The Partnership for Research on Ebola Virus in Liberia (PREVAIL) recently conducted a clinical research study where Ebola survivors and their close contacts benefited from cataract removal surgeries. The study, called PREVAIL 7, sought to address the issues of safety for participants to undergo cataract surgery and to define the post-surgical care needed to achieve the best visual outcomes.
People with cataracts have difficulty seeing because the lens of the eye, which reflects light and allows them to see clearly, has become cloudy. Cataracts are the leading cause of reversible blindness in the world, and surgery is the only known effective cure.
The study, which is still following up the participants, has two major goals: (1) to determine the proportion of EVD survivors with viral persistence in ocular (eye) tissues, and (2) to compare the amount of inflammation between survivors and control patients at one month and three months after cataract surgery.
In addition, the investigators aim to assess whether the visual outcomes in Ebola survivors differ from those in other patients, whether age and gender play a role in their outcomes, and whether structural changes in the eye from Ebola infection impact these outcomes.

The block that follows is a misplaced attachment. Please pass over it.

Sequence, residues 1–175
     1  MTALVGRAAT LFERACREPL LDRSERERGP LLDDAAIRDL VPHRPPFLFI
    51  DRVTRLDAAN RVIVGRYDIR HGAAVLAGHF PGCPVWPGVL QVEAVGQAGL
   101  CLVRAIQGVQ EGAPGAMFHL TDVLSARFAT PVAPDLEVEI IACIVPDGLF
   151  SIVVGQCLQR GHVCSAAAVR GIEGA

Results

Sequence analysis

For the study, PREVAIL enrolled 24 Ebola survivors whose blood tested positive for the presence of EVD antibodies and 10 close contacts whose blood showed no evidence of EVD exposure.
Participants in the study were drawn from the PREVAIL eye care sub-studies under the Ebola Natural History Study known as PREVAIL 3 and were over 14 years old – only one eye of a survivor could be a candidate for the surgery. Pregnant women were excluded.
The research is a joint collaboration of multiple organizations spanning academic, government, faith-based, private, and non-governmental organizations from four countries.
These organizations included the U.S. National Institutes of Health, Johns Hopkins University, Emory University, LVPrasad/the Liberian Eye Center at JFK Hospital under Dr. Kumar Nishant, New Sight Eye Center under Robert Dolo, ELWA Hospital, Samaritan’s Purse, John Snow Inc., and the Liberian Ministry of Health.
Two U.S.-based surgeons, Dr. Daniel Gradin and Dr. Benjamin Roberts, donated one week of their time to Samaritan’s Purse to perform the surgeries. They were chosen because of their rigorous training and extensive experience in Kenya and South Sudan performing similar cataract surgeries.
At ELWA Hospital, under the direction of Dr. John Fankhauser, they deployed the innovative Baylor Smart Pod—a small field clinic—for testing the aqueous fluid of the eye in Ebola virus.
This pod provided clinical safety for participants, staff, and surgeons. Since June 2015, the PREVAIL 3 Natural History Eye Sub-Study has enrolled about 2,100 Ebola survivors and close contacts and followed them prospectively to shed light on the ocular complications of EVD.